Cave into your hunger
Unless you've been living in a cave, you've probably heard of the newest health craze, the Paleo Diet.
Scratch that. If you are living in a cave, you will be closely familiar with it, as the full title is the Paleolithic Diet, as in caveman-style eating.
The basis of this new lifestyle wave is that we should eat as closely as possible to the way our hunter gatherer ancestors did before the agricultural revolution.
The crux of this means lean animal products, fruit, vegetables, nuts and seeds get the green light.
Off the menu are dairy foods, legumes and grains, which are relatively new on the scene and were not part of the human diet until the dawn of agriculture 10,000 years ago.
In the grand scheme of time, this was a mere 333 generations ago and according to Paleo philosophy, our bodies haven’t properly adapted to digesting these foods.
The thinking is, fresh fruits, vegetables, meats, and seafood are high in the beneficial nutrients – soluble fibre, antioxidant vitamins, phytochemicals, omega-3 and monounsaturated fats and low-glycemic carbohydrates – that promote good health.
Steering away from nutrients believed to be at the root of health problems, including obesity, cardiovascular disease and diabetes, such as refined sugars, trans fats, salt, high-glycemic carbohydrates, grains and processed foods, forms the basis of the Paleo principle.
Now, whether you can be convinced the Paleo way is the path to which our species is generically geared, or not, you can still enjoy some very healthy eating at Cairns’ Paleo Cafe, where the motto is, “Eat clean, live lean”.
Served from 7am until 11.30am, breakfasts are varied, ie cavemen and women would have found them extremely exciting.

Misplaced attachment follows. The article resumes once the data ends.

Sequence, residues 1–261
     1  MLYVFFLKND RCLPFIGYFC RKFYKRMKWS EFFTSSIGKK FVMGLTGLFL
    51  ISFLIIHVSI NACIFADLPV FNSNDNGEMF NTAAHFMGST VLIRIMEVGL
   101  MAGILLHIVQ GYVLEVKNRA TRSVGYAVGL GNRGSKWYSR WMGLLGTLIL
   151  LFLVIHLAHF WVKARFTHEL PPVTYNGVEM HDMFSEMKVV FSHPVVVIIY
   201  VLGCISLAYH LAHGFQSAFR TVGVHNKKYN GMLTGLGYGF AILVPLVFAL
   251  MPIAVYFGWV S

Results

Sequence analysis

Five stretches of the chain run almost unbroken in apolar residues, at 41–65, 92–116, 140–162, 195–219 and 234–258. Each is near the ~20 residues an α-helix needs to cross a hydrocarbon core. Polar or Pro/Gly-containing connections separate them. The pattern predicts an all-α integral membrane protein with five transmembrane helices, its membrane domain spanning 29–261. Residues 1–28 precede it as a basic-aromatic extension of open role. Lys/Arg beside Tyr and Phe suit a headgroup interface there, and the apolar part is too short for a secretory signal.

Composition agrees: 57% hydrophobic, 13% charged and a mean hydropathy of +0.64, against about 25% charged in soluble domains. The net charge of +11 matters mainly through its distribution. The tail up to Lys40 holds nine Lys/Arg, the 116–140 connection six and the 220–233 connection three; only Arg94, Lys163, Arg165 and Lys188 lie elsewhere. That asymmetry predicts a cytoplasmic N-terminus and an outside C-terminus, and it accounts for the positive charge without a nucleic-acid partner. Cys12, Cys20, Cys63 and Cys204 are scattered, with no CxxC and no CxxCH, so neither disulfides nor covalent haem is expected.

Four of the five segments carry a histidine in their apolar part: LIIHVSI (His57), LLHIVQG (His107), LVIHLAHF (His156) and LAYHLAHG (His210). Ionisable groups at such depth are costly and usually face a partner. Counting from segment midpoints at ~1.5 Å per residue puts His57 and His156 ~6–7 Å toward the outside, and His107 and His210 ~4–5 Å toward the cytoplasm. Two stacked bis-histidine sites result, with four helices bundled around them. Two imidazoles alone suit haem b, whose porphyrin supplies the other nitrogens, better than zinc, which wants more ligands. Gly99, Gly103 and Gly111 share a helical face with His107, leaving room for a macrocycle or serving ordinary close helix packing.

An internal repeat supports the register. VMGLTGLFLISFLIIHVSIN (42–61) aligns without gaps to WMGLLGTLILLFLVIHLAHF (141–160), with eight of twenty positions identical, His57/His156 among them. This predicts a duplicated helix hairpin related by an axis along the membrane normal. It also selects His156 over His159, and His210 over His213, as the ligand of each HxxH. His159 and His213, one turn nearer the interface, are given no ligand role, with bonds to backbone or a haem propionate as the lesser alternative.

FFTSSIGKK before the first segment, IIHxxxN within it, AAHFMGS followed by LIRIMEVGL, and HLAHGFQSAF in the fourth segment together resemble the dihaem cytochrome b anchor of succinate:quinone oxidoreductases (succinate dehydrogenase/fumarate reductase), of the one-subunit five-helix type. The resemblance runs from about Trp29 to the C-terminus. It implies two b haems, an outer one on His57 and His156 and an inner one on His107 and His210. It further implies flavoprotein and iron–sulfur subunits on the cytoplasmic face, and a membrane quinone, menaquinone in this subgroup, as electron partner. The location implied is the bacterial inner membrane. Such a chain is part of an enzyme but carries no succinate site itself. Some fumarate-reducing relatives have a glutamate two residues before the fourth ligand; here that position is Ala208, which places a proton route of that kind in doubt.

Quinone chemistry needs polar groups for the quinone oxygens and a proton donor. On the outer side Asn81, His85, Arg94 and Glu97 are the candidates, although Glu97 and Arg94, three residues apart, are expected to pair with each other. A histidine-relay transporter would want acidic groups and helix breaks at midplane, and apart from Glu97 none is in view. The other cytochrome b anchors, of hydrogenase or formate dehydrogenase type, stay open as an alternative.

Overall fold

Eggs Benedict ($12) served on a Paleo muffin with bacon or smoked salmon; Paleo pancakes ($14) with coconut ice-cream, banana and honey; or banana bread French toast with bacon and honey ($14) are all winners.
However, for many, lunch (served until 3pm) is the big drawcard.
Soups ($9), curries ($16) and steak ($20) are all wholesome and satisfying.
Luscious salad combos such as mango, avocado and macadamia ($16) served with fresh rocket and chilli lime dressing can come with optional extras of chicken or prawns ($4), or salmon ($6) with the first.
Nut-crusted local fish ($19, on this occasion barramundi) is a great midday meal with a generous salad, a light dill dressing and what the menu under-sells as “sweet potato chips”, which are really delicious chunky roasted sweet potato wedges.
You really can taste the goodness in every dish and if you were thinking all this New Age healthy blah means skimpy bits of leaf and not much else, think again.
You’ll get lean, quality meat, seasonal produce and fresh seafood in good portions.
Kids’ meals are $9 and takeaways are an option.
By the way, it’s not just about being a goodie-two-shoes all the time (well, it is if you’re a dedicated caveman/woman), the effort of putting the willpower in isn’t really needed.
A very nice chocolate brownie, which would have had guilt written all over it somewhere else, was devoured without a second thought.
Teas, coffees and bottled drinks are all reasonably priced and the smoothie and juice bar brings in a constant flow of customers throughout the day.
You can go for a pre-designed smoothie, such as the splendid “breakfast” concoction ($6.50) of Paleo granola, raspberries, honey and banana, or you can create your own juice or smoothie, by picking any three ingredients from a prescribed list.
Refreshing sodas ($4) are made using sparkling soda water with fresh fruits, such as lemon and lime, orange and mango, or strawberry and lime.
An eclectic mix of people ebb and flow through Paleo Cafe on any given day, from greenies to grannies, many browsing the retail side of the shop which stocks everything from health foods, DVDs to organic baby foods, beauty products and books.
Possibly not the sort of things Fred and Wilma would buy, but we move with the times.Paleo Café, 62 Grafton St. Ph: 4041 3885 or visit: www.paleo-cafe.com.au
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